Zimmer suggests an example of a woman, say, in a violent marriage. The violence may be the most immediate and apparent layer, but it’s only one of many that litter the past and that lie in the future. And they all relate. “She met the guy in high school, and her schooling was derailed.  So, she hasn’t got an education. Even if she works she’s going to be paid a minimum wage. She won’t be able to afford child care. So she’s constrained on all fronts. Which leads her to believing that the only thing she can do is remain with her abuser or on social assistance. Because it would take so much for her to accumulate money, and resolve, and the confidence in herself. And to feel that there is even one other person in the world that wants her to succeed.”

There are lots of institutional-type conversations to have, and, to be sure, Zimmer has had all of them over the years. “You can advocate with other organizations in how we do our work together … and with government about their policies, about legal changes that ought to be made, about the way they fund or don’t fund services that women need. It goes up to that big macro level, looking for social change. But it starts there, person to person.”

“… we talk a lot about women having choices …”

While finding a safe place in moments of crisis has rightly been the initial thrust of much of the work over the last four decades, Zimmer has turned her attention to the next: building programs that will help women find their paths to the future. In her words, to be able to offer “a period of security to do the hard work on making those transformations” toward independence and stability.

            “Most of the violence against women work is focused on surviving and coping,” says Zimmer. “And living in poverty is a reality.” That’s the nut of Homeward Bound Peterborough, a recent initiative in partnership with Peterborough Housing Corporation. It’s about moving out of shelter—out of the Interval Houses and Crossroads of the world—into independent housing; gaining a facility with goal setting, financial literacy, college preparation and academic readiness; being supported through career counselling and affordable childcare. “Hopefully, at the end of four years,” says Zimmer, which is the term of participation in Homeward Bound, “they’re launched into housing, a job that’s going to support their family, and they’re on their way to economic security.”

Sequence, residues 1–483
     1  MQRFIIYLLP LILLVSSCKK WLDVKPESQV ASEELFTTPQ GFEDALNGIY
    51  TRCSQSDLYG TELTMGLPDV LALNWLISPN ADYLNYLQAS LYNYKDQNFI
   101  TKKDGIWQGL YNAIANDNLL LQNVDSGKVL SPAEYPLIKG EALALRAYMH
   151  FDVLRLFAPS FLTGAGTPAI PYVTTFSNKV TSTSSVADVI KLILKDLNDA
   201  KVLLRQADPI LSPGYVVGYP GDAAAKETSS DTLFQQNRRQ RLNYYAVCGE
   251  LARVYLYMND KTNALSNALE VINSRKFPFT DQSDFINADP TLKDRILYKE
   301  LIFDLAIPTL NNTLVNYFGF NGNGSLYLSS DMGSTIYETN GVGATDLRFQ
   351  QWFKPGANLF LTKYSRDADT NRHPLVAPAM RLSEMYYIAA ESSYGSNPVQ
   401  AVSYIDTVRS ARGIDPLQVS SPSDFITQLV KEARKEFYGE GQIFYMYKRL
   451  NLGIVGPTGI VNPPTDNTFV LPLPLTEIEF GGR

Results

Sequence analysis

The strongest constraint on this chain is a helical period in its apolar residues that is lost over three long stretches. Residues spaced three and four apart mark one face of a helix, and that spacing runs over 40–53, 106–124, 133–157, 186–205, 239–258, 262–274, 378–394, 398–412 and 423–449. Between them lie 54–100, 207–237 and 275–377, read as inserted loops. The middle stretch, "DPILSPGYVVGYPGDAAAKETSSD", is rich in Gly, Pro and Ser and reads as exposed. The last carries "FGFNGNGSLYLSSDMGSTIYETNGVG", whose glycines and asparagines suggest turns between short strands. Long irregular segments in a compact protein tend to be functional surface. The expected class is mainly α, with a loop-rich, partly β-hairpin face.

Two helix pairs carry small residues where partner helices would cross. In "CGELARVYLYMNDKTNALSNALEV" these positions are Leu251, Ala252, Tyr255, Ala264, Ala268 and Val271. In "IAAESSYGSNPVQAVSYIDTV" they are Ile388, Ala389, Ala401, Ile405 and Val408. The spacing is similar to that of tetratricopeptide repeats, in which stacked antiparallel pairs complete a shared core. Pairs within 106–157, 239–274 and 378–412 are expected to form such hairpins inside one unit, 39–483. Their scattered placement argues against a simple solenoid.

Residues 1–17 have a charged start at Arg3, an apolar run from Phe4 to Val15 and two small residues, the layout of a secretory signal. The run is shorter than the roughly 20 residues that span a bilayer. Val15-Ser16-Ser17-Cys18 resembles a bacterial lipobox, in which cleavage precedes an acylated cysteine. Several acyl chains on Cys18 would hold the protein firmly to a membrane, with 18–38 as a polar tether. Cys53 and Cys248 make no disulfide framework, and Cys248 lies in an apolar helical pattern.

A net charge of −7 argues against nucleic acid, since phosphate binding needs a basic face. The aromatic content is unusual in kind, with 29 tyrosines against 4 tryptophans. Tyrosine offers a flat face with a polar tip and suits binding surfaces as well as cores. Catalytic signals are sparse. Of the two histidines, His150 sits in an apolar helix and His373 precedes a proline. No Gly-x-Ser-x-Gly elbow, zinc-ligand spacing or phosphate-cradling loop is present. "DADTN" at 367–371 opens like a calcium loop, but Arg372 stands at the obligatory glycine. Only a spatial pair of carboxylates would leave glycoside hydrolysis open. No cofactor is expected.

So far, that’s exactly what it’s doing. The first group of four women, housed at YWCA Centennial Crescent, have completed their first year of academics, and are now into their second year. “They’re all doing really well,” says Zimmer. Another eight women were admitted into the program and, this past September, started their first year of college programs.  They will be housed in new dedicated units developed by Peterborough Housing Corporation.  Women are able to follow their interests, “though we’re encouraging them to look at Skilled Trades and Technology. We see that as the field that will really guarantee them a good wage.”

“We talk a lot about each woman having choices,” says Zimmer, “but sometimes there really are no reasonable choices she can make. The range of choices is very, very constrained.” Homeward Bound was designed to eliminate barriers, provide wrap-around supports, and open up a greater array of choices. Designed initially by WoodGreen in Toronto, like Interval House, the model is becoming a touchstone for the kind of work that can be done, and an inspiration to others to take it up.

‘What’s Next?’ Fund – A Tribute to Lynn Zimmer

To help grow and sustain innovative programs at the YWCA that specifically address the tough journey of rebuilding a life after escaping abuse, the ‘What’s Next?’ Fund – A Tribute to Lynn Zimmer, has been created. The fund will be managed through partnership with the Community Foundation of Greater Peterborough. The impetus for the fund was to honour Zimmer’s leadership while helping realize some of her current goals.

To learn more or to make a contribution, please visit:

While Zimmer is retiring, she’s also moving into this next phase of the work that she’s done all her life. To listen, to mentor, to demonstrate. To change the world.

In celebration of Lynn

A celebration of Lynn’s career will be held on Thursday, November 21st. For more information, please contact Yvonne Porter at 705-743-3526 x116 or